victim regained consciousness and attempted to stand, appellant choked her
again. The victim twisted her body so that she could kick the door. She
stopped when appellant again threatened to kill her. For the second time the
appellant choked the victim into unconsciousness. Before the appellant
initiated sexual intercourse with her, the victim requested that he be gentle
because she had not had intercourse for about four months. After the act was
completed, the appellant warned the victim that no one would believe her if
she reported because there was no sign of forced entry. Then victim requested
a glass of tea and appellant helped her up because she was too weak to stand.
At approximately 11:30 a.m. appellant outstretched his hand to guide the
victim to a bedroom, stated that he wanted to make love to her in her bed. The
second act of intercourse occurred in the bedroom. Afterwards there was some
conversation wherein the appellant requested the victim’s telephone number
which she gave to him. The victim thanked him for not killing her.
On January 6, 1988, Graham was convicted after jury trial of both first and second degree rape
charges.38 After his conviction, the court sentenced Respondent to twenty-five years of
incarceration.39 Respondent now admits to committing this crime.40
D. Mental Condition
1. Experts’ Qualifications
The court appointed Dr. Barry Mills, M.D., a licensed physician specializing in
psychiatry,41 to conduct a psychiatric examination of Respondent, pursuant to 18 U.S.C. §
Exh. 22; Ex. 16 at GR00516, 566, 576, 580, 613.
Exh. 25 at p. 5; Exh. 27 at p. 5.
Tr. 9/14/09, 16:2-7.
4247(b).42 To assist in the preparation of his report, Dr. Mills was authorized to review
Respondent’s records and to conduct an interview of Respondent.43 Dr. Mills has been licensed
to practice medicine in Massachusetts since June 2004 and is currently employed as Medical
Director at the Cambridge Health Alliance at Harvard University and as the chief forensic
psychiatrist at Massachusetts General Hospital.44 He has served as an expert in one other
sexually dangerous person proceeding, the matter of United States v. Wilkinson,
The court also designated Dr. Joseph Plaud, Ph.D., a licensed psychologist, to examine
Respondent pursuant to 18 U.S.C. § 4247(b).46 Dr. Plaud reviewed Respondent’s record and
conducted a clinical interview.47 He has published several articles on sexual offenses and
behavior,48 and frequently testifies as an expert witness in civil commitment proceedings, often for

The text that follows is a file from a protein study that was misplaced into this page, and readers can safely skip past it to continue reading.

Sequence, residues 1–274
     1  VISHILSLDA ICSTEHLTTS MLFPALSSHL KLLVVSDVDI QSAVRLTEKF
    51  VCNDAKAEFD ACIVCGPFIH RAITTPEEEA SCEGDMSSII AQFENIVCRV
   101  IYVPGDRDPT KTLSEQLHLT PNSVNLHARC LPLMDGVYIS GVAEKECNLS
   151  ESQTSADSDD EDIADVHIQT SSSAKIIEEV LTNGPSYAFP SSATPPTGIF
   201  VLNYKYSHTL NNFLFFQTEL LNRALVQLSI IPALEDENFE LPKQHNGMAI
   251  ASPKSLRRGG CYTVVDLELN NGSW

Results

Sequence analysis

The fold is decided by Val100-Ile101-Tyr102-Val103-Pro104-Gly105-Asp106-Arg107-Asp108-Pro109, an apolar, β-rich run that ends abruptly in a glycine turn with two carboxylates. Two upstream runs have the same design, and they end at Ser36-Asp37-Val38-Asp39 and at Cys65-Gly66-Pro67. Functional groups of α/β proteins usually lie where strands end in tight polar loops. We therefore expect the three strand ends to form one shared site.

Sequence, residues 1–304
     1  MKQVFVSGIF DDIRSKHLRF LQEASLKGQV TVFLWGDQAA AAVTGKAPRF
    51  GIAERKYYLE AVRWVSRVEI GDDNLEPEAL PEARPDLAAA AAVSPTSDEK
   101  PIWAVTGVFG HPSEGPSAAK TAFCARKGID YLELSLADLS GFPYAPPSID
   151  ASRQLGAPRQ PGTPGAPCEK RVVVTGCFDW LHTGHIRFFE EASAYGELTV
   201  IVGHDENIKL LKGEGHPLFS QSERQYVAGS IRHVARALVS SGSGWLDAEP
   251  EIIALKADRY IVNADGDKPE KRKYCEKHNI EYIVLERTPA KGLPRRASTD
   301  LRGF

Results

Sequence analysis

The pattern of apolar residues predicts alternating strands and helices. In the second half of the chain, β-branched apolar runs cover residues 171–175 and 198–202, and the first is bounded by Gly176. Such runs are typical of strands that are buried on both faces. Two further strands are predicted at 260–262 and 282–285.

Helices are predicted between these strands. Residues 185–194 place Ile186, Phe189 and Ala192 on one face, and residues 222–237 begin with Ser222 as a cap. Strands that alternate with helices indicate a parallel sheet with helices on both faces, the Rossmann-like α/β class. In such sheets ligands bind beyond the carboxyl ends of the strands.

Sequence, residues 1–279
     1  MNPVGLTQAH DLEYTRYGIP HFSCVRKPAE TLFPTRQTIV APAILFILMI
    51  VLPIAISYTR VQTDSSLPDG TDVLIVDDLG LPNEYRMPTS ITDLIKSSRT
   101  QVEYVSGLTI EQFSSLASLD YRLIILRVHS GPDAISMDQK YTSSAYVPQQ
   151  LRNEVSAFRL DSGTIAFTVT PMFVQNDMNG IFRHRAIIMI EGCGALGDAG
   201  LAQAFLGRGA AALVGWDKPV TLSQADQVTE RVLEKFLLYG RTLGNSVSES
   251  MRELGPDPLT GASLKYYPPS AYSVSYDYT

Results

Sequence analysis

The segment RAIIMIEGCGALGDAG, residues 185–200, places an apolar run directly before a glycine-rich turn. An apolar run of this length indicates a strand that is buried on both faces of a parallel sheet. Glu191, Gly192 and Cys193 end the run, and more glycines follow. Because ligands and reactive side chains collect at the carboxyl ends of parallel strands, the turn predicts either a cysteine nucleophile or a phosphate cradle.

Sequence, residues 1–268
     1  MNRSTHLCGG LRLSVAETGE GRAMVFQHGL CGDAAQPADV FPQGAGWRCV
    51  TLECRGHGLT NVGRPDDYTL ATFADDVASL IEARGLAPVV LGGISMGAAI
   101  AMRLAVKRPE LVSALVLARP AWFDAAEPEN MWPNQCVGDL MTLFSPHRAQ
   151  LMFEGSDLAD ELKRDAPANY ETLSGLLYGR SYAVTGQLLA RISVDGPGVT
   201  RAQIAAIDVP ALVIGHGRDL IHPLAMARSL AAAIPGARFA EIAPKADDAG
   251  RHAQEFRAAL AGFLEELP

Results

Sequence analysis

Lastly, the court authorized an expert retained by the government, Dr. Anna Salter, a
Docket No. 36.
Exh. 26; Tr. 9/14/09 16:12-20.
Tr. 9/14/09, 17:21-18-4; 88:10-14.
Exh. 27 at p. 3.
Exh. 27 at 1.
Tr. 9/11/09, 29:10-17; Ex. 28.
Tr. 9/11/09, 38:10-16.
licensed psychologist, to review Respondent’s records and reports.50 The court did not permit
Dr. Salter to interview Respondent in the course of her evaluation.51 Dr. Salter has been working
professionally with sex offenders for thirty years, and has treated both sex offenders and sex
offender victims for over twenty years.52 She is presently employed as a consultant to the
Wisconsin Department of Corrections and performs sex offender evaluations for the State of
Parties have not challenged the qualifications of these experts and, after reviewing their
curricula vitae and hearing their testimony, this court finds that Drs. Barry Mills, Joseph Plaud and
Anna Salter are qualified to offer expert testimony as to the proper diagnosis of Respondent.
2. Expert Diagnoses
All three experts relied on the Diagnostic and Statistical Manual of Mental Disorders,
Fourth Edition, Text Revision (“DSM-IV-TR”), an official publication of the American
Psychiatric Association, in developing their opinions about whether Respondent suffered from a
serious mental illness, abnormality, or disorder. The text contains a standard set of definitions and
criteria for mental disorders, and it is used for diagnostic purposes by virtually all psychiatrists and
psychologists in the United States.54 Dr. Salter testified that the DSM-IV-TR is “the bible of what
Docket No. 36.
Docket No. 41.
Tr. 9/9/09, 44:17-45:10.
Tr. 9/9/09, 45:13-24; Ex. 3, p. 2.
Tr. 9/10/09, 6:6-11; 9/11/09, 55:18-56:4.
is accepted and what is not in terms of mental health”55 and “the only classification system that is
used to assess diagnoses in this country.”56
Dr. Mills, the court-appointed expert, diagnosed Respondent with Antisocial Personality
Disorder (“ASPD”), though he explained that, in his opinion, ASPD is not a serious mental
illness, abnormality or disorder.57 Dr. Mills also testified that he did not believe Respondent met
the criteria for any paraphilia diagnosis.58
Dr. Plaud also concluded that Respondent did not meet the criteria for a paraphilia